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Science To Support DOE Site Cleanup: The Pacific Northwest National Laboratory Environmental Management Science Program Awards

Description: Pacific Northwest National Laboratory (PNNL) was awarded ten Environmental Management Science Program (EMSP) research grants in fiscal year 1996, six in fiscal year 1997, nine in fiscal year 1998, seven in fiscal year 1999, and five in fiscal year 2000. All of the fiscal year 1996 award projects have published final reports. The 1997 and 1998 award projects have been completed or are nearing completion. Final reports for these awards will be published, so their annual updates will not be included in this document. This section summarizes how each of the 1999 and 2000 grants address significant U.S. Department of Energy (DOE) cleanup issues, including those at the Hanford Site. The technical progress made to date in each of these research projects is addressed in more detail in the individual progress reports contained in this document. The 1999 and 2000 EMSP awards at PNNL are focused primarily in two areas: Tank Waste Remediation, and Soil and Groundwater Cleanup.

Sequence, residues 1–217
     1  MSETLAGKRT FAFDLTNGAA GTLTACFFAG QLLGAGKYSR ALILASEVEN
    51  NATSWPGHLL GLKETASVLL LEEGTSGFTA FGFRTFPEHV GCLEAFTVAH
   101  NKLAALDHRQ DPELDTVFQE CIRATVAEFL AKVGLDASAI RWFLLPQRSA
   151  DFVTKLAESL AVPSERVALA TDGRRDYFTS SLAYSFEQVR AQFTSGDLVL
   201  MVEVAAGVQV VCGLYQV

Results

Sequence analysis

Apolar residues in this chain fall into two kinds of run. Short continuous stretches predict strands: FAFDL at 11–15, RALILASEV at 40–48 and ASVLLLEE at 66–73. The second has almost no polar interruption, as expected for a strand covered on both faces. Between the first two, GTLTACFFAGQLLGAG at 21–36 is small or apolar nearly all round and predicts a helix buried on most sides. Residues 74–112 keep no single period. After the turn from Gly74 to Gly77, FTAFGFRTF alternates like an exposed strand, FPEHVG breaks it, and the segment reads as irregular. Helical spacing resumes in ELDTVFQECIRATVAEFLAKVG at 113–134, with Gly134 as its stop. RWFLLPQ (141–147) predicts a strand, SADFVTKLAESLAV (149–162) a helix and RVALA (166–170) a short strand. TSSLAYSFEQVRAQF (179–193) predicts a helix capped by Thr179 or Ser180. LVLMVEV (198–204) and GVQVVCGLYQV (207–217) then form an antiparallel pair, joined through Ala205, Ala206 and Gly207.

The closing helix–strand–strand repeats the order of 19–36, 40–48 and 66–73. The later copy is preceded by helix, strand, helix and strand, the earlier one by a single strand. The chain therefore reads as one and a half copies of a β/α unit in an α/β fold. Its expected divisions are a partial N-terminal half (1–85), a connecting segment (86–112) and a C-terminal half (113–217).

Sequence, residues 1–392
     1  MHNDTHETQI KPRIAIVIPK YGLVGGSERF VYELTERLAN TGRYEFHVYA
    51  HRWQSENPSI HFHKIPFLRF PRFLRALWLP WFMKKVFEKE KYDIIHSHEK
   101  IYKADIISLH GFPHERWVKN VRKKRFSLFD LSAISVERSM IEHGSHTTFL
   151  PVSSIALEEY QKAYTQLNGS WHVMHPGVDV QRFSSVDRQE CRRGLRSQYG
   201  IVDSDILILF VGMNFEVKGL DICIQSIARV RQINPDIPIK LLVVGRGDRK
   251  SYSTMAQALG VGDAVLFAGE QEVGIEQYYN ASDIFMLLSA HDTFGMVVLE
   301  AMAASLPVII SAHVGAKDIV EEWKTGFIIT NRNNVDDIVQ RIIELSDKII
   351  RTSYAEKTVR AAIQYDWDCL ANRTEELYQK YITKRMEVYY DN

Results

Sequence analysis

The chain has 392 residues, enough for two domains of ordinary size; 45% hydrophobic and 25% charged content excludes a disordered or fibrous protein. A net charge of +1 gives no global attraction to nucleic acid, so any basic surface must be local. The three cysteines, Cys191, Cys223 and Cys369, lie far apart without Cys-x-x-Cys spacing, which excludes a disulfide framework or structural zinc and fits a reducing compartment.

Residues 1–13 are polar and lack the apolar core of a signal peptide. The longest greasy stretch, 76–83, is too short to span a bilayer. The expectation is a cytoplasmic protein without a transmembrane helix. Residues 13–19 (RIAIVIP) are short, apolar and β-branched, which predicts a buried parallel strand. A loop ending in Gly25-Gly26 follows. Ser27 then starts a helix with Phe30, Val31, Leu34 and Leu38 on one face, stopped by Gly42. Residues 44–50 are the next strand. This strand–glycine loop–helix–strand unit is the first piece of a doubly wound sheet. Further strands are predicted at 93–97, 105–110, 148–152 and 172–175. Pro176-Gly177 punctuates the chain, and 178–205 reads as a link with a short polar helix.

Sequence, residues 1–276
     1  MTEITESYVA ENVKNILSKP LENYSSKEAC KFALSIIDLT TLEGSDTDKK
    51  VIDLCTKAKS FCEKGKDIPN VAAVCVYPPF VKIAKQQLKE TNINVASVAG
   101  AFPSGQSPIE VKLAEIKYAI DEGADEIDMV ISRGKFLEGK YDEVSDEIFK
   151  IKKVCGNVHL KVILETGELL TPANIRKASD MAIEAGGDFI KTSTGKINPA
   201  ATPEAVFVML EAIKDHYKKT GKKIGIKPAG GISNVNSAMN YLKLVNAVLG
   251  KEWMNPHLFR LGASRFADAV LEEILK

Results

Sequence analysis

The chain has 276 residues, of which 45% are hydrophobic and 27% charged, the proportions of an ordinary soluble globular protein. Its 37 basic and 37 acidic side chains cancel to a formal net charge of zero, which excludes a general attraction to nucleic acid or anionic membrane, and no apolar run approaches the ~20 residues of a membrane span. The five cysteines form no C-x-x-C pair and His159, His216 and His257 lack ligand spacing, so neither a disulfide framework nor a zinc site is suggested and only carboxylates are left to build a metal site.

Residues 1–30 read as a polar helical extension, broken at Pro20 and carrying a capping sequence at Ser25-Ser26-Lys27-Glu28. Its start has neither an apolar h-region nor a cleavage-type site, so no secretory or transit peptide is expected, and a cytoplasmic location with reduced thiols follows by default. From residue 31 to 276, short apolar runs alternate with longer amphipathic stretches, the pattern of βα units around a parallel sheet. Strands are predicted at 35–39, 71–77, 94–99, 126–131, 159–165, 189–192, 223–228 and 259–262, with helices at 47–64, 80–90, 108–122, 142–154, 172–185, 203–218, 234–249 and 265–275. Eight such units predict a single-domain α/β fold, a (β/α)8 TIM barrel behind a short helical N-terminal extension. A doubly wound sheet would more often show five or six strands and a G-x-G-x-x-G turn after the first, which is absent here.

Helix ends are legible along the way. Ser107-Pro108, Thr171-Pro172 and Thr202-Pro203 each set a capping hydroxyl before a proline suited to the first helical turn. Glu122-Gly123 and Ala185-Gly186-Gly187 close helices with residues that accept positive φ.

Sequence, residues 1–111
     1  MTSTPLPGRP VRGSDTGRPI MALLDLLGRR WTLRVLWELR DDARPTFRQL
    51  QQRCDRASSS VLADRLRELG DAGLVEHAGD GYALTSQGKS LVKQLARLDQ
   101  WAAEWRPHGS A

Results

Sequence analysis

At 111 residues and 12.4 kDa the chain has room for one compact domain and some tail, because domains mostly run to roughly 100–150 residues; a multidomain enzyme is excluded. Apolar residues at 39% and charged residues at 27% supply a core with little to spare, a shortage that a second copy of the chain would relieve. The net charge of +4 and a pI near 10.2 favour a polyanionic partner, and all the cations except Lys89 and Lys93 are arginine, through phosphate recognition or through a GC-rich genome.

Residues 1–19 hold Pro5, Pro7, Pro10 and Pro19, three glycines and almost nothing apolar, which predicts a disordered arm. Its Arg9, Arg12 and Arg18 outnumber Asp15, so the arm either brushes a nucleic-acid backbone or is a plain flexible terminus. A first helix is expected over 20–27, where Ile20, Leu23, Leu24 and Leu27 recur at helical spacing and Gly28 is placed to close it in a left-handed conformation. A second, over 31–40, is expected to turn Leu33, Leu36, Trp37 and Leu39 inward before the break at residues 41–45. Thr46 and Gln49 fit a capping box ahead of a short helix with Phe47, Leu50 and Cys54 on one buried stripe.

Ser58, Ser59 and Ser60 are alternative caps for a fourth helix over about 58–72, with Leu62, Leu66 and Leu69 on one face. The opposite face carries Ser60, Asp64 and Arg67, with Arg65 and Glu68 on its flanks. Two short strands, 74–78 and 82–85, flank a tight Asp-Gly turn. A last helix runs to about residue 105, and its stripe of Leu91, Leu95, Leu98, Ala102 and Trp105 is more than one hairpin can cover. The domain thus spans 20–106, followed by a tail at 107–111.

Date: June 19, 2001
Creator: Bredt, Paul R; Brockman, Fred J; Grate, Jay W; Hess, Nancy J; Meyer, Philip D; Murray, Christopher J et al.
Partner: UNT Libraries Government Documents Department

Science to support DOE site cleanup: The Pacific Northwest National Laboratory Environmental Management Science Program awards. Fiscal year 1997 mid-year progress report

Description: The Pacific Northwest National Laboratory was awarded ten Environmental Management Science Program (EMSP) research grants in Fiscal Year 1996. This report gives a summary of how each grant is addressing significant DOE cleanup issues, including those at the Hanford Site. The technical progress made to date in each of these research projects is addressed in more detail in the individual progress reports contained in this document. This research is primarily focused in three areas--Tank Waste Remediation, Soil and Groundwater Cleanup, and Health Effects.
Date: June 1, 1997
Partner: UNT Libraries Government Documents Department

Science to Support DOE Site Cleanup: The Pacific Northwest National Laboratory Environmental Management Science Program Awards - Fiscal Year 2000 Mid-Year Progress Report